Our energy levels picked up as we made our way on foot to Darling Harbour—still the thriving, cluttered tourist trap it was when it re-opened in advance of the Sydney Olympics in 2000. The syncopated music of a salsa festival filled the air. Nearby, restaurants and bars were packed with visitors soaking in the mid-day sun. For old time’s sake, we ordered drinks at Cohibar and sat outside to watch the boat traffic. For the price of a drink we could not beat the view.
Finally beginning to tire, we hopped into a taxi and headed to the Opera House. On weekends, outdoor cafés line the perimeter of Sydney’s most recognizable landmark to create a buzzy, locals-only atmosphere. Everyone hip and trendy in Sydney was here, pulling back vodka tonics and espressos to recover from the night before. We followed suit, ordering another round of caffeine and settling in to people watch. An hour later, the sun began to dip into the horizon and the salt air chilled our backs as we passed through Circular Quay once more. We made impromptu dinner reservations at an authentic little Italian place, Caminetto, and somehow lasted until 10 o’clock that night before turning in, still dreaming of the restaurant’s osso bucco.
The next morning, we rose early enough to witness daily life unfold from the Intercont’s 30th-floor gym. We ate a quick breakfast at the hotel and pulled out our city map to plot day two. Feeling more courageous, we circled the Sydney to Manly Ferry. The weather was perfect as we dropped into Circular Quay and purchased our tickets for one of the world’s most beautiful and inexpensive tourist adventures. Departing twice an hour, the ferry cuts through Sydney Harbour with perfect Opera House photo ops. On the weekend, sailboats of every size dance along the waves nearby, their skippers waving merrily when seas are calm, focused when whitecaps emerge.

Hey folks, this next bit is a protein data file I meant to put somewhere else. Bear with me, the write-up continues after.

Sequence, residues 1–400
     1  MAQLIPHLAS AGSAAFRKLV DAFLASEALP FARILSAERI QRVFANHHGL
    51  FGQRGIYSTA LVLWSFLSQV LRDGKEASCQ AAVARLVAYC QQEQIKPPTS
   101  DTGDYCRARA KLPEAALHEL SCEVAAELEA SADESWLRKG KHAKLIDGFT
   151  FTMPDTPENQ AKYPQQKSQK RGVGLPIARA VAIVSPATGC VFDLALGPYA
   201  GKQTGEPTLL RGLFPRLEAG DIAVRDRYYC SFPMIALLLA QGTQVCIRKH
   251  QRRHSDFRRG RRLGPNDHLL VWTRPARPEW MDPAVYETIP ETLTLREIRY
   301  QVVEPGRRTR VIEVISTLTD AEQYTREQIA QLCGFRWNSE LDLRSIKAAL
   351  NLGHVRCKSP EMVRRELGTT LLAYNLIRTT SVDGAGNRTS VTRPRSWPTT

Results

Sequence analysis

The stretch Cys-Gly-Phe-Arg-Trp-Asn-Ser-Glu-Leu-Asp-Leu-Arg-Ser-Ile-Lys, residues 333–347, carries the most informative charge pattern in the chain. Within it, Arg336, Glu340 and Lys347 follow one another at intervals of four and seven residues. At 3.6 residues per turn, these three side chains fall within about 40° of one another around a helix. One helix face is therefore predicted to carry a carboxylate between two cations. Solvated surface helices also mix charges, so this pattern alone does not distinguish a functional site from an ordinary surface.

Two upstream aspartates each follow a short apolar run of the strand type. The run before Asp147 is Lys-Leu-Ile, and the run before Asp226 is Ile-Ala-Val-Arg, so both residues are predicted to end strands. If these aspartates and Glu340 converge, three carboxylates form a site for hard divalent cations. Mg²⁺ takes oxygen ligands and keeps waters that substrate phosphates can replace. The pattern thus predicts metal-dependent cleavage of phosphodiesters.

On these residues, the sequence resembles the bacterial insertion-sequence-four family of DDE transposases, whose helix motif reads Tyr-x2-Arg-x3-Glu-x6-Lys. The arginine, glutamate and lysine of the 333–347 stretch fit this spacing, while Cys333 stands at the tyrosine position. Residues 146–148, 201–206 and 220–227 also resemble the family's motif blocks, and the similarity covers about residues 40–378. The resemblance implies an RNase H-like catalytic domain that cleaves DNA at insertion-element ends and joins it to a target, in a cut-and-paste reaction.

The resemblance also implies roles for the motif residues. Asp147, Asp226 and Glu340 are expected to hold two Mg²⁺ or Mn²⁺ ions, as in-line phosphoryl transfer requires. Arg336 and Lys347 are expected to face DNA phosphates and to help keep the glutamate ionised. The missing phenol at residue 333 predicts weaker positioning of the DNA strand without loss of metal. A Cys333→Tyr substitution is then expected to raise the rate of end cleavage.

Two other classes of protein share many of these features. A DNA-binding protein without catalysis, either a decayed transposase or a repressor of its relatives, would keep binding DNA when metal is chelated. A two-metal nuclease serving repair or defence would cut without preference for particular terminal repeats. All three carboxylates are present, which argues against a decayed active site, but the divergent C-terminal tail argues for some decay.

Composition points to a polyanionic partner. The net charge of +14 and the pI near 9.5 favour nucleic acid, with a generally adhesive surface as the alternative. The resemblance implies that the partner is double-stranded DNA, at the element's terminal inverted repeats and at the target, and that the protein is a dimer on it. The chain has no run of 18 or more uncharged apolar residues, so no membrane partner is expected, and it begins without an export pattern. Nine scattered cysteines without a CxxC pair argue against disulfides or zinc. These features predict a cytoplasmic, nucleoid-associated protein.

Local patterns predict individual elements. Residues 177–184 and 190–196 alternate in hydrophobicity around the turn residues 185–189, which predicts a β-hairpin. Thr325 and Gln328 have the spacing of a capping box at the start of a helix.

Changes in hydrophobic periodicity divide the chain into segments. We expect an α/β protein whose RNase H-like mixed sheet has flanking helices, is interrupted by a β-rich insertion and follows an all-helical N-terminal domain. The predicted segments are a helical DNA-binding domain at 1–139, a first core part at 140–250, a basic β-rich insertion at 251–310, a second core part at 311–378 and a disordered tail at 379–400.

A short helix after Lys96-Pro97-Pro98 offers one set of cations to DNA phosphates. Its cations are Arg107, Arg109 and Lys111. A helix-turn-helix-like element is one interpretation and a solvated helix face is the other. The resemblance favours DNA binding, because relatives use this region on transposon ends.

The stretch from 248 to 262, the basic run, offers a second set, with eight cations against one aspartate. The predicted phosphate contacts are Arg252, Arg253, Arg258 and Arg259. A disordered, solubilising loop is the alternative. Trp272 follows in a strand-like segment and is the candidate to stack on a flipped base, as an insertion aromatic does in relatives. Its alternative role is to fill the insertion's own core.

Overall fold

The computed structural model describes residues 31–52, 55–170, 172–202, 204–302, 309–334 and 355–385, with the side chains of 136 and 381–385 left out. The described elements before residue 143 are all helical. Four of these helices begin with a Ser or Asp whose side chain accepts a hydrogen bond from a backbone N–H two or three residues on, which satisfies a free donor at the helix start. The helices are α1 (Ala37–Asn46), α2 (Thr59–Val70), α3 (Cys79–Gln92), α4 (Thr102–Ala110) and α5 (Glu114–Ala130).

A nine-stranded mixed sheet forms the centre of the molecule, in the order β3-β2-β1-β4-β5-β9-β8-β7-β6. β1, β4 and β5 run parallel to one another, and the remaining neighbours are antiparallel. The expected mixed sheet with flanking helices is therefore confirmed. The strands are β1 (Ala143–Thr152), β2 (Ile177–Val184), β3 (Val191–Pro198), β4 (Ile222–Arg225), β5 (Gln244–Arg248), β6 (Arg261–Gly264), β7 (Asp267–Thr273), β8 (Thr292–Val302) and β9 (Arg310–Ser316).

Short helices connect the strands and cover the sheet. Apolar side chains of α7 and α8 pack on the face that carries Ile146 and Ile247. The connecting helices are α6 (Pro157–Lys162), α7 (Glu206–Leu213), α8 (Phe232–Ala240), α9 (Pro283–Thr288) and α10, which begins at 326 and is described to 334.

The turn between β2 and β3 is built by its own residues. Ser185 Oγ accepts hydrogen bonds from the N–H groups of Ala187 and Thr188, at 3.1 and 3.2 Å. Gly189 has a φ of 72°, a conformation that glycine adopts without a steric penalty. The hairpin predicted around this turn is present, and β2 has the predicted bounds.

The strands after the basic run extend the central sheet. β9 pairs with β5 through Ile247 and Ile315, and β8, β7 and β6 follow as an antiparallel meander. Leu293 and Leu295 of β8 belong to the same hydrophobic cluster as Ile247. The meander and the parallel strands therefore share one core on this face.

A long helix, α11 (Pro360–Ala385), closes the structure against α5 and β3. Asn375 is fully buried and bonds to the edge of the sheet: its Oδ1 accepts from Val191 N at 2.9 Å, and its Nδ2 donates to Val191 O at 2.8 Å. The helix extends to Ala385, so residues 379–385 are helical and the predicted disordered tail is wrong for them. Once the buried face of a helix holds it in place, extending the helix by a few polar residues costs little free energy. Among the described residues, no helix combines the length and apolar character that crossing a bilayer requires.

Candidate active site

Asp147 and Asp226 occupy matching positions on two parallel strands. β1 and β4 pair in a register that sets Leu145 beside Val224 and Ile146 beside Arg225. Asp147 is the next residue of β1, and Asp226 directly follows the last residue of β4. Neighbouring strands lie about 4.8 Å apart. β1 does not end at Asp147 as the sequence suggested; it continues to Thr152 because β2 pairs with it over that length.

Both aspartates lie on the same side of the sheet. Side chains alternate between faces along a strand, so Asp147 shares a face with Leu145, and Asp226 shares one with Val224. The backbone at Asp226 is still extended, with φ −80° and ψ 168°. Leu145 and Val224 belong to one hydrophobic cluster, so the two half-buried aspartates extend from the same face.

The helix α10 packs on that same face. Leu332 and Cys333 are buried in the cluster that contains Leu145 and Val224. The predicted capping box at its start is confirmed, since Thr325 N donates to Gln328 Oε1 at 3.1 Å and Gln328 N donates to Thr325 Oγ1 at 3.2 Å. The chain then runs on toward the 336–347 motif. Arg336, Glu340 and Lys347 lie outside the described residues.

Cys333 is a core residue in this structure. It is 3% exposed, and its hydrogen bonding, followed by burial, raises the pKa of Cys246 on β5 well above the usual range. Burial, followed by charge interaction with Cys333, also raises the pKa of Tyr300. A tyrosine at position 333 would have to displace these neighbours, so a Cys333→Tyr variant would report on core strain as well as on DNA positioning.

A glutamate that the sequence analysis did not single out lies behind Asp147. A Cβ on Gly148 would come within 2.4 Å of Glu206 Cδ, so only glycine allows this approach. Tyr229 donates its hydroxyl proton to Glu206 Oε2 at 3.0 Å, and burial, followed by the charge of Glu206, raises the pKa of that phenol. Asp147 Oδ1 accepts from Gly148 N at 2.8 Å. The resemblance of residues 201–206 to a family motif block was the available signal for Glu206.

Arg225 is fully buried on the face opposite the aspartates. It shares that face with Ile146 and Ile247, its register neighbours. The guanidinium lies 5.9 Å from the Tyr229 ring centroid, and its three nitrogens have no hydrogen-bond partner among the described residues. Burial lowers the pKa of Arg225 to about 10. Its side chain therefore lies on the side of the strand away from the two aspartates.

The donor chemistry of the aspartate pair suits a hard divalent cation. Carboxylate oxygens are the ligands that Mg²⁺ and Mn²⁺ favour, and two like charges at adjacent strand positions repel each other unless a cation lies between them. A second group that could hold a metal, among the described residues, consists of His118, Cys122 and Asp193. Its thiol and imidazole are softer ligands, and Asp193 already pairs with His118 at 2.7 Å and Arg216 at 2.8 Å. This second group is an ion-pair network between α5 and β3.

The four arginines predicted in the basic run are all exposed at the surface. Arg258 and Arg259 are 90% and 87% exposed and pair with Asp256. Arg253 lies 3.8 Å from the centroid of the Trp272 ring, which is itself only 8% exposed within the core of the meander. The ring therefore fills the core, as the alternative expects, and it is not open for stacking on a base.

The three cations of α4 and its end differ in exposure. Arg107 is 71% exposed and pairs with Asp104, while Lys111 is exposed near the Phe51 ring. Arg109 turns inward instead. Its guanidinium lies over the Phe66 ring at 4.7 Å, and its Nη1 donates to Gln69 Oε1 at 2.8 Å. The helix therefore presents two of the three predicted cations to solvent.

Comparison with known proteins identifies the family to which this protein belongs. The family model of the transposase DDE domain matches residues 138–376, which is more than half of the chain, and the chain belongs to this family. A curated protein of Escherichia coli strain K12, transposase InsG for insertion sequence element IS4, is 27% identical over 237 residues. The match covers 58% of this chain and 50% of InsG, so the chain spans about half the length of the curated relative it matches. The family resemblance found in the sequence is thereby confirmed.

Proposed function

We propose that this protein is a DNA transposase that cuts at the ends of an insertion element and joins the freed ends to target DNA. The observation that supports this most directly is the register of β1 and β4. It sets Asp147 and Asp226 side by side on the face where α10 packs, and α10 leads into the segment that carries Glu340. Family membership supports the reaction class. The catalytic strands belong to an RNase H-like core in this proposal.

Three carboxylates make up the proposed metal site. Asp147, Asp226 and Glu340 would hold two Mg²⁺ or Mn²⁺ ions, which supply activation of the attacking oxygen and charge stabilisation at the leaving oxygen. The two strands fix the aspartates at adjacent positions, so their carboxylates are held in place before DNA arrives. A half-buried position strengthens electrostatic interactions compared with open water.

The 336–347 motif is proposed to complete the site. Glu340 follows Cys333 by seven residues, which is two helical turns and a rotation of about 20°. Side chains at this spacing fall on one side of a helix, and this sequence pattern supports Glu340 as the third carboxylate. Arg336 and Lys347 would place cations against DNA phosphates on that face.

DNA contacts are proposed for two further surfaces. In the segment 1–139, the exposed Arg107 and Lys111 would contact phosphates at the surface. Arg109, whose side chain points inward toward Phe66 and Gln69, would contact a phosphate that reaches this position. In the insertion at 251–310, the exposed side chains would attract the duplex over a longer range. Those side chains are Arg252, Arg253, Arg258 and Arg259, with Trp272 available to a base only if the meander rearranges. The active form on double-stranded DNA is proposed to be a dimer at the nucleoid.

We passed lighthouses so small they seemed like miniatures guarding Sydney’s coastal fringes. This was the perfect beach day, and bathers and surfers waved to us from shore. Eventually we reached Manly, one of Sydney’s northern suburbs. Hundreds of Sydneysiders and tourists waited to take our ferry back to Circular Quay as we hopped off in search of an open table at one of Manly’s outdoor, sun-drenched cafés. Nearby, waves crashed into the densely populated Manly Beach. The surf was rough and we pretended to stand guard, protecting those brave enough to get into the freezing spring water.
Hoping to avoid the crush of passengers back to Sydney, we left before sundown, returning to the Intercont. Our concierge was waiting with a “surprise” reservation for dinner. (He followed our instructions perfectly: “Find us somewhere with incredible wine that no one knows about.”) The Museum of Sydney sits across the street, and this summer (Australian winter) the museum opened its flagship restaurant, The Governor’s Table. Inlaid ranch-style across the bottom floor of the museum, the Governor’s Table provides a modern contrast to the history of the museum above. Dining early due to jet lag, we had the whole restaurant to ourselves and the service was legendary. Our sommelier fed us a steady stream of wine pairings, watching and enjoying as our oenophile palettes discovered new favorites. A dry Shiraz, not normally our go-to, stood out with the lamb course, while our Semillon with dessert was exceptional.